Indeed, they would be willing to pay B ∗ − B for the privilege of gambling.

        This model explains the puzzle of why people purchase some tickets but not an

infinite number. Depending on their degree of risk-loving, people will pay some amount

for the ability to gamble – that is they will purchase a lottery ticket for a small amount

of money. However, people are risk-averse over large gambles (shown by the concave

segment in the upper part of the positive quadrant), so they will purchase only a

bounded number of tickets.

        Markowitz (1952) makes specific suggestions about how the utility function

might differ across income classes. He suggests that the inflection points (both in the

positive and negative quadrants) would be further away from the origin for richer

people. That is, the rich would be risk-loving over a larger set of values, presumably

because they have more resources.

        With respect to the lottery, this suggests that richer people would be willing

to gamble more. As a result, this model predicts that ticket purchases should increase

with income. This is inconsistent with the regressivity that is observed in most studies

of the lottery; one possible modification would be to reject the difference in utility

curves across income levels and assume everyone behaves as if they have the same

curve. In the results section we test whether this is consistent with more detailed facts

about income.

        In this model, when the odds of winning decreased by 31% the expected utility

also decreases by 31%. Roughly, then, we can we expect the sales to decrease by a

similar percentage. The shape of the utility function makes people willing to pay for

the privilege of gambling. When the odds are better they are willing to pay more;

specifically 31% more. Like the prospect theoretic model, this model suggests that

there should be a constant percentage decrease in sales when the odds change. It is

distinct from the prospect theoretic model in that it suggests that the decrease will be

one-for-one with the actual decrease.

        Similar to the prospect theory model in section 4.1, this model does not predict

that sales should change over time. Once again here the lottery is a two-attribute good

and only changes in the jackpot or odds of winning should change sales.

4.3    Additive Utility of Gambling

         The third theory in this paper explores the concept of an additive utility of

gambling. The basic idea is that the utility from a lottery ticket is the conventional

expected utility plus some additional utility from playing the game. This theory has

been suggested in psychology (Adams (1997,2000)), as well as in economics (Fishburn

(1980), Conlisk (1993), Le Menestrel (2001)).

In this model, individuals maximize utility over ticket purchases (n), where:
       u(X) if n = 0
U =
          (1 − (1 − p)n )u(J + X − n) + (1 − p)n u(X − n) + EUs,n + V (J, X, δ) if n > 0
where n is the number of tickets, u(·) is a normal concave utility function, J is the

jackpot, X is the individual’s wealth, p is the probability of winning, EUs,n is the

expected utility of the smaller prizes when n tickets are bought and δ is a free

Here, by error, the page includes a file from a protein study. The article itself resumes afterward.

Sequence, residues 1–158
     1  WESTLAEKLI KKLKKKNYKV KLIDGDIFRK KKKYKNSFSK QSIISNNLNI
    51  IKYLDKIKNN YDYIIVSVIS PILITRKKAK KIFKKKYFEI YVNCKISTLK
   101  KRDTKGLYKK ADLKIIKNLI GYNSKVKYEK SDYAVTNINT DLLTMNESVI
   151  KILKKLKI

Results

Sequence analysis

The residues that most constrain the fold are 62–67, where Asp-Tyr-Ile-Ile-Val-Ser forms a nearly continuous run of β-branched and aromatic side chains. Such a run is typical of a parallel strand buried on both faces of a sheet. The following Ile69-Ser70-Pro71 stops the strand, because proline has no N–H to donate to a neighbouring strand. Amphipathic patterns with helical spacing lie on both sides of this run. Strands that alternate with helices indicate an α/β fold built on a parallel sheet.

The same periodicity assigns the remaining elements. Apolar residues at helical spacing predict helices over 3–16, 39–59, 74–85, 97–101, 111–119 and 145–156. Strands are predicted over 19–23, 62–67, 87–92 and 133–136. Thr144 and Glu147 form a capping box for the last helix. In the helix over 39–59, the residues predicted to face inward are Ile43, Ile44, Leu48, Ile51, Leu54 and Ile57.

parameter capturing heterogeneity in feelings about the lottery.

           In essence, these equations indicate that the utility of having no tickets is

simply the utility of current wealth, while the utility of purchasing n tickets is the

expected utility of the tickets plus the fun of playing the lottery (the V (·) function).

We note first that the solution to this maximization problem is always either 0 or 1
tickets. Since the expected utility of a ticket is negative, we know that     ∂n
                                                                                   < 0.

However, since V (·) is not dependent on n, the overall partial is also negative.

Therefore, purchasing two tickets will never dominate purchasing one ticket, so the

choice of n will either be 0 or 1. Obviously, this theory explains why people purchase

one ticket, and also why their purchases are bounded. In this simplest form the theory

does not explain why people may purchase two or three tickets. However, it would be a

trivial extension to build this into the model. For example, we could imagine that fun

is a rapidly decreasing function of the number of tickets, so the first ticket gives a lot of

fun, the second less and so on. Formally, this would suggest the following expression

for utility:
      u(X) if n = 0
U =
                                                                      n
                                                                        1
          (1 − (1 − p)n )u(J + X − n) + (1 − p)n u(X − n) + EUs,n +      j
                                                                           V (J, X, δ) if n > 0

At a certain small level of ticket purchases the added fun will not be enough to

motivate more buying. This version of the model is identical to the previous version

except that it allows for multiple ticket purchases and suggests that any given

individual may purchase more tickets when the jackpot is higher.

           Before moving on to predictions made by this theory it is necessary to discuss

the structure of the additive part of the utility function. V (·) is dependent on jackpot